Driver: Titleist TS2 (10.5 degrees), with Aldila Rogue Black 60X shaft

Fairway wood:  Titleist 917F2 (16.5 degrees), with Aldila Rogue Black 70 TX shaft

Hybrid: Titleist 816H1 (21 degrees), Graphite Design Tour AD DI-85 X Hybrid shaft

Irons: Titleist 716 T-MB (4), 718 AP2 (5-PW), with True Temper XP 115 shafts

Wedges: Titleist Vokey Design SM7 (52, 56, 60 degrees), with True Temper Dynamic Gold Tour Issue S300 shafts

Putter: Scotty Cameron GSS Newport 350 prototype

Ball: Titleist Pro V1x

Getty Images

First-, second-round tee times for the 147th Open

By Golf Channel DigitalJuly 16, 2018, 12:20 pm

Three-time champion Tiger Woods is playing in The Open for the first time since he missed the cut in 2015 at St. Andrews. Woods will begin his first round Thursday in the 147th edition at Carnoustie at 10:21 a.m. ET, playing alongside Hideki Matsuyama and Russell Knox.

Defending champion Jordan Spieth delivered the claret jug to the R&A on Monday at Carnoustie. He will begin his title defense at 4:58 a.m. ET on Thursday, playing with world No. 2 Justin Rose and Kiradech Aphibarnrat.

Other notable groupings:

  • Rory McIlroy will look to capture his second claret jug at 7:53 a.m. Thursday. He goes off with Marc Leishman and Thorbjorn Olesen.
  • World No. 1 Dustin Johnson is playing with Alex Noren and Charley Hoffman. They will play at 8:04 a.m. ET in the first round.
  • World No. 2 Justin Thomas goes at 8:26 a.m. with Francesco Molinari and Branden Grace.
  • Masters champion Patrick Reed will play with Louis Oosthuizen and Paul Casey at 5:20 a.m. ET.
  • U.S. Open champion and world No. 4 Brooks Koepka is grouped with Ian Poulter and Cameron Smith (9:59 a.m. ET).
  • Phil Mickelson, the 2013 Open champion, will begin at 3:03 a.m. ET with Satoshi Kodaira and Rafa Cabrera Bello.

Here's a look at the full list of times for Rounds 1 and 2 (all times ET):

1:35AM/6:36AM: Sandy Lyle, Martin Kaymer, Andy Sulliva

1:46AM/6:47AM: Erik Van Rooyen, Brady Schnell, Matthew Southgate

1:57AM/6:58AM: Danny Willett, Emiliano Grillo, Luke List

2:08AM/7:09AM: Mark Calcavecchia, Danthai Boonma, Shaun Nooris

2:19AM/7:20AM: Kevin Chappell, Oliver Wilson, Eddie Pepperell

2:30AM/7:31AM: Ross Fisher, Paul Dunne, Austin Cook

2:41AM/7:42AM: Tyrrell Hatton, Patrick Cantlay, Shane Lowry

2:52AM/7:53AM: Thomas Pieters, Kevin Kisner, Marcus Kinhult

3:03AM/8:04AM: Phil Mickelson, Satoshi Kodaira, Rafa Cabrera Bello

3:14AM/8:15AM: Brian Harman, Yuta Ikeda, Andrew Landry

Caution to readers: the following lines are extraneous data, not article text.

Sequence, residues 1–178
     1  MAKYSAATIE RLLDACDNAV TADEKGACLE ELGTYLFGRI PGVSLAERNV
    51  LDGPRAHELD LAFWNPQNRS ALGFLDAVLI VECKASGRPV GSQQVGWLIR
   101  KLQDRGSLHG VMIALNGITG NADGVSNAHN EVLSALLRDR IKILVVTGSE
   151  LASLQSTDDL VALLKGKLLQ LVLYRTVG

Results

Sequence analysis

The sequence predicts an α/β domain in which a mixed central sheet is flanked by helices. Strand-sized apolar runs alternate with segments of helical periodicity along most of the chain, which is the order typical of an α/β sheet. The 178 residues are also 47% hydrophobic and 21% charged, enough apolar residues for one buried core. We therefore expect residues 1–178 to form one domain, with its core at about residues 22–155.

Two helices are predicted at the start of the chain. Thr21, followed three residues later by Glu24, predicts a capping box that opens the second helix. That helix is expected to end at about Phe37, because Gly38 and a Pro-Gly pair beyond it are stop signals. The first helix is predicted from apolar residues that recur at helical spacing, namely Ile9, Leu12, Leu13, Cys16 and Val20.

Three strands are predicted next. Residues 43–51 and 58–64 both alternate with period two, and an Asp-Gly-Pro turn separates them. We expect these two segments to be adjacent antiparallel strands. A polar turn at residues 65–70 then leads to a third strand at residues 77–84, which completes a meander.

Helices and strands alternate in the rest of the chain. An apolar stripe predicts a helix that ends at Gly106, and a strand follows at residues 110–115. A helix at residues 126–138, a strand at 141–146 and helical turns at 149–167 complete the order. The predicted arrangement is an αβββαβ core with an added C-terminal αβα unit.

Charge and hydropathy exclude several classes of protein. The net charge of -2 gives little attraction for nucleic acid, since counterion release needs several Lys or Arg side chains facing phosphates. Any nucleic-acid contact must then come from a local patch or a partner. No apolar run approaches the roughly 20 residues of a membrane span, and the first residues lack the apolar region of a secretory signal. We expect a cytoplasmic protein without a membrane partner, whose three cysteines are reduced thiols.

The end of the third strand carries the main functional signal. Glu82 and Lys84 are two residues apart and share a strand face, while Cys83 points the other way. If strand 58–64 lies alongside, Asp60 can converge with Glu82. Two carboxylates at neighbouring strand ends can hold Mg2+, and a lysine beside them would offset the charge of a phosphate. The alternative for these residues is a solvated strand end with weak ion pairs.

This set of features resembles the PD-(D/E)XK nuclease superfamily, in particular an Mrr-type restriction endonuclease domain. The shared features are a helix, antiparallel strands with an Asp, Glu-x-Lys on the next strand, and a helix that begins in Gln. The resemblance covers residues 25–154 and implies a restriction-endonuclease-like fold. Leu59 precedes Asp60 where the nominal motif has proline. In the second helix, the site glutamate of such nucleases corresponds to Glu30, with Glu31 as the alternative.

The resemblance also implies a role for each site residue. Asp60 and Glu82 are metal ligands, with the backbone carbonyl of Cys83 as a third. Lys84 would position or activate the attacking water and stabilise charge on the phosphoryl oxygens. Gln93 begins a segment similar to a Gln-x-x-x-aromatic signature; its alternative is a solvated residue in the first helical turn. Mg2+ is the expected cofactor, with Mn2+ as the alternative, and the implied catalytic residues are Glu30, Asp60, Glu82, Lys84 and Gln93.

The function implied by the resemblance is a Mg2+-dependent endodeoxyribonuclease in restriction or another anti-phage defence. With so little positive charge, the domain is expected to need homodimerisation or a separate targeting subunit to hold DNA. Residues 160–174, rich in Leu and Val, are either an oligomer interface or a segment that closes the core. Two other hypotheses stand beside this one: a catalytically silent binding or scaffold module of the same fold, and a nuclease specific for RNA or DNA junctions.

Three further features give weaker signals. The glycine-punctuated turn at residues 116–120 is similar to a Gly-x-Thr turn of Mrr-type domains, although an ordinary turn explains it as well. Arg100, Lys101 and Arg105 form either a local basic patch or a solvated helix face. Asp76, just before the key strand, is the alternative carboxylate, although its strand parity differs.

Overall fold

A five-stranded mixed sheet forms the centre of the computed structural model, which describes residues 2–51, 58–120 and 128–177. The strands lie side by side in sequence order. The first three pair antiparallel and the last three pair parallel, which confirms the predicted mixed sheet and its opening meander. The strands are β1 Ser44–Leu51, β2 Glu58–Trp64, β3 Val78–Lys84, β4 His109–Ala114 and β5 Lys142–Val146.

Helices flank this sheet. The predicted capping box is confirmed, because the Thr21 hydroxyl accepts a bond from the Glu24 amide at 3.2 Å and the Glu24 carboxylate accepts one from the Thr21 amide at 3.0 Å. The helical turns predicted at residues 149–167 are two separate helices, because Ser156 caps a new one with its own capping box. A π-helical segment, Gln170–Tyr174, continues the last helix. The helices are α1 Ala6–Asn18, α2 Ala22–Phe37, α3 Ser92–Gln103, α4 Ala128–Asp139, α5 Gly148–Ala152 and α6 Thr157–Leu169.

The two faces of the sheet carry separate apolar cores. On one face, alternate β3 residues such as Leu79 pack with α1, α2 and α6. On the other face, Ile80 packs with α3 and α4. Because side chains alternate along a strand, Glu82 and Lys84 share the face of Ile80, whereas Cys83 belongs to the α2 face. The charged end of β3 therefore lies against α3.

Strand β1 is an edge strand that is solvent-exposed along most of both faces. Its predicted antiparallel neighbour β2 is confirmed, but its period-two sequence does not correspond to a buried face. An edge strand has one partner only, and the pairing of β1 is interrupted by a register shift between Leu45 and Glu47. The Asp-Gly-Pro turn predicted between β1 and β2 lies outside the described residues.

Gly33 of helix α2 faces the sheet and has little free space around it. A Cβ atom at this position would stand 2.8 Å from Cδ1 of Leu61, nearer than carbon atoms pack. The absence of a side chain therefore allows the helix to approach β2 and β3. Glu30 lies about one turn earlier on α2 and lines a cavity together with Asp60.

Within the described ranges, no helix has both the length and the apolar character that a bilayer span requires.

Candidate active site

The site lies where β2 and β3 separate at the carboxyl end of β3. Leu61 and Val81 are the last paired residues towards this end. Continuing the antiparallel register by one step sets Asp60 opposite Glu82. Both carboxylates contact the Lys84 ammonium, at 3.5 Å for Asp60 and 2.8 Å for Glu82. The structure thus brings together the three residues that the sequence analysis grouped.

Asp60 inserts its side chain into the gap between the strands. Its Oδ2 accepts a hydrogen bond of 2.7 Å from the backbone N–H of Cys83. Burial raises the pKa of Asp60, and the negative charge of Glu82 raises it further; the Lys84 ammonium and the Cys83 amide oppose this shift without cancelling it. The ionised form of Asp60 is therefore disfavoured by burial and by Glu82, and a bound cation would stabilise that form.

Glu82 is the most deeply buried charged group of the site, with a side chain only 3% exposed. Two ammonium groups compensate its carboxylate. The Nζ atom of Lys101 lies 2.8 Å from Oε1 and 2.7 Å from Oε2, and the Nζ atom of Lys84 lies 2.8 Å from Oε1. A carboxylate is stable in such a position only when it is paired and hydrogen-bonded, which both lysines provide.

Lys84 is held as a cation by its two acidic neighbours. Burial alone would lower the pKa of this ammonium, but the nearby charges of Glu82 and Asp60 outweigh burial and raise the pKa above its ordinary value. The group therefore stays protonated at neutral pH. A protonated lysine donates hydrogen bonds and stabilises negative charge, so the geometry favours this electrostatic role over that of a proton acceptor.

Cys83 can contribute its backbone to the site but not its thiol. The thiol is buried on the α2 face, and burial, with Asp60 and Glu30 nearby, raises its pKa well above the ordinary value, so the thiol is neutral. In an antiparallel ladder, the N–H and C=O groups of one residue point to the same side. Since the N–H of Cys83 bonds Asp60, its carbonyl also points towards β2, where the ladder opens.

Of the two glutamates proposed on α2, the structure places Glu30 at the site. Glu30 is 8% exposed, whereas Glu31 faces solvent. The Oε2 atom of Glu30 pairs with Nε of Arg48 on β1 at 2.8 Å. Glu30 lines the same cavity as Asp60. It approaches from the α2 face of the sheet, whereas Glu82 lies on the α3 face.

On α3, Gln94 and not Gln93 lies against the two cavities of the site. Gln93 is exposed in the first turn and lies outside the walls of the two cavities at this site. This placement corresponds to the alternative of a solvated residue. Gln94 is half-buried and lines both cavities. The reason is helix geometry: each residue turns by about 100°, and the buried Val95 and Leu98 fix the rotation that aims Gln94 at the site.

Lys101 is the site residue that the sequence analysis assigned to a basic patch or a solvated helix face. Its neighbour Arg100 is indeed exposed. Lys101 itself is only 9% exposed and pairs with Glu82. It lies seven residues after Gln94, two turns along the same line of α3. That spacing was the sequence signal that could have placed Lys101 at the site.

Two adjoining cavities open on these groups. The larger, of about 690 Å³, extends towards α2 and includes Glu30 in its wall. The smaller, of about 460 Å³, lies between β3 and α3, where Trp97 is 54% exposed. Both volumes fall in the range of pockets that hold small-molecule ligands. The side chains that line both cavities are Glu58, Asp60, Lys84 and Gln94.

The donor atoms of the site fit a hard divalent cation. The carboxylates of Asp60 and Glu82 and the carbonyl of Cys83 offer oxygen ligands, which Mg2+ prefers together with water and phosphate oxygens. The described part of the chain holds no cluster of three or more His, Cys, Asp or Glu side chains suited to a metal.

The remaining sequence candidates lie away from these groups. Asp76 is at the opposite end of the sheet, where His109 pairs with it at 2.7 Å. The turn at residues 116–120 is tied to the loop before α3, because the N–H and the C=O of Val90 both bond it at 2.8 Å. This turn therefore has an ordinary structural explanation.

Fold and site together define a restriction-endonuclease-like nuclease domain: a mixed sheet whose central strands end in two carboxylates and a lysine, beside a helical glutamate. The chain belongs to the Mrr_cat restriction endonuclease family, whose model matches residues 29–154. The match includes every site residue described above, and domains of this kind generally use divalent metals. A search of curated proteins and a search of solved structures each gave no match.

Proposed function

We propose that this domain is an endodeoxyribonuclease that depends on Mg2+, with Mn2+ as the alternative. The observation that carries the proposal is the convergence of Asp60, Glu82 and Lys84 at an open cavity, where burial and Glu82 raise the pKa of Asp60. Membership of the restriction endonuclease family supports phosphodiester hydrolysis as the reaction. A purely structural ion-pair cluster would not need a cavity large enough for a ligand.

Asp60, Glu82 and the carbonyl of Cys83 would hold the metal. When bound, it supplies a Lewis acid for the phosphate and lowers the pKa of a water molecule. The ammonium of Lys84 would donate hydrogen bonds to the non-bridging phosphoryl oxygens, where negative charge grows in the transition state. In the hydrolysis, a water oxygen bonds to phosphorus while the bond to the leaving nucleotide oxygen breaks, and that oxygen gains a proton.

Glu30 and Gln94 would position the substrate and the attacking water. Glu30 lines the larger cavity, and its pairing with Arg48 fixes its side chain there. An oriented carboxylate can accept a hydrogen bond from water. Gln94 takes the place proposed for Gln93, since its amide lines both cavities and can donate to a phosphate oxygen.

3:25AM/8:26AM: Si Woo Kim, Webb Simpson, Nicolai Hojgaard (a)

3:36AM/8:37AM: Stewart Cink, Brandon Stone, Hideto Tanihara

3:47AM/8:48AM: Gary Woodland, Yusaku Miyazato, Sung Kang

4:03AM/9:04AM: Ernie Els, Adam Hadwin, Chesson Hadley

4:14AM/9:15AM: Pat Perez, Julian Suri, George Coetzee

4:25AM/9:26AM: David Duval, Scott Jamieson, Kevin Na

4:36AM/9:37AM: Darren Clarke, Bernhard Langer, Retief Goosen

4:47AM/9:48AM: Matt Kuchar, Anirban Lahiri, Peter Uihlein

4:58AM/9:59AM: Jordan Spieth, Justin Rose, Kiradech Aphibarnrat

5:09AM/10:10AM: Jon Rahm, Rickie Fowler, Chris Wood

5:20AM/10:21AM: Louis Oosthuizen, Paul Casey, Patrick Reed

5:31AM/10:32AM: Tony Finau, Xander Schauffele, Jhonattan Vegas

5:42AM/10:43AM: Yuxin Lin (a), Alexander Bjork, Sang Hyun Park

5:53AM/10:54AM: James Robinson, Haraldur Magnus, Zander Lombard

6:04AM/11:05AM: Kodai Ichihara, Rhys Enoch, Marcus Armitage

6:15AM/11:16AM: Sean Crocker, Gavin Green, Ash Turner

6:36AM/1:35AM: Brandt Snedeker, Sam Locke (a), Cameron Davis

6:47AM/1:46AM: Patton Kizzire, Jonas Blixt, Charles Howell III

6:58AM/1:57AM: Charl Schwartzel, Daniel Berger, Tom Lewis

7:09AM/2:08AM: Alex Levy, Ryan Moore, Byeong Hun An

7:20AM/2:19AM: Michael Hendry, Kelly Kraft, Lee Westwood

7:31AM/2:30AM: Henrik Stenson, Tommy Fleetwood, Jimmy Walker

7:42AM/2:41AM: Matthew Fitzpatrick, Russell Henley, Jovan Rebula (a)

7:53AM/2:52AM: Rory McIlroy, Marc Leishman, Thorbjorn Olesen

8:04AM/3:03AM: Dustin Johnson, Alex Noren, Charley Hoffman

8:15AM/3:14AM: Zach Johnson, Adam Scott, Brendan Steele

8:26AM/3:25AM: Justin Thomas, Francesco Molinari, Branden Grace

8:37AM/3:36AM: Jason Day, Shota Akiyoshi, Haotong Li

8:48AM/3:47AM: Todd Hamilton, Beau Hossler, Jorge Campillo

9:04AM/4:03AM: Ryuko Tokimatsu, Chez Reavie, Michael Kim

9:15AM/4:14AM: Kyle Stanley, Nicolas Colsaerts, Jens Dantorp

9:26AM/4:25AM: Tom Lehman, Dylan Frittelli, Grant Forrest

9:37AM/4:36AM: Lucas Herbert, Min Chel Choi, Jason Kokrak

9:48AM/4:47AM: Padraig Harrington, Bubba Watson, Matt Wallace

9:59AM/4:58AM: Ian Poulter, Cameron Smith, Brooks Koepka

10:10AM/5:09AM: Sergio Garcia, Bryson DeChambeau, Shubhankar Sharma

10:21AM/5:20AM: Tiger Woods, Hideki Matsuyama, Russell Knox

10:32AM/5:31AM: Jason Dufner, Ryan Fox, Keegan Bradley

10:43AM/5:42AM: Ryan Armour, Abraham Ander, Masahiro Kawamura

10:54AM/5:53AM: Jazz Janewattananond, Fabrizio Zanotti, Jordan Smith

11:05AM/6:04AM: Brett Rumford, Masanori Kobayashi, Jack Senior

11:16AM/6:15AM: Matt Jones, Thomas Curtis, Bronson Burgoon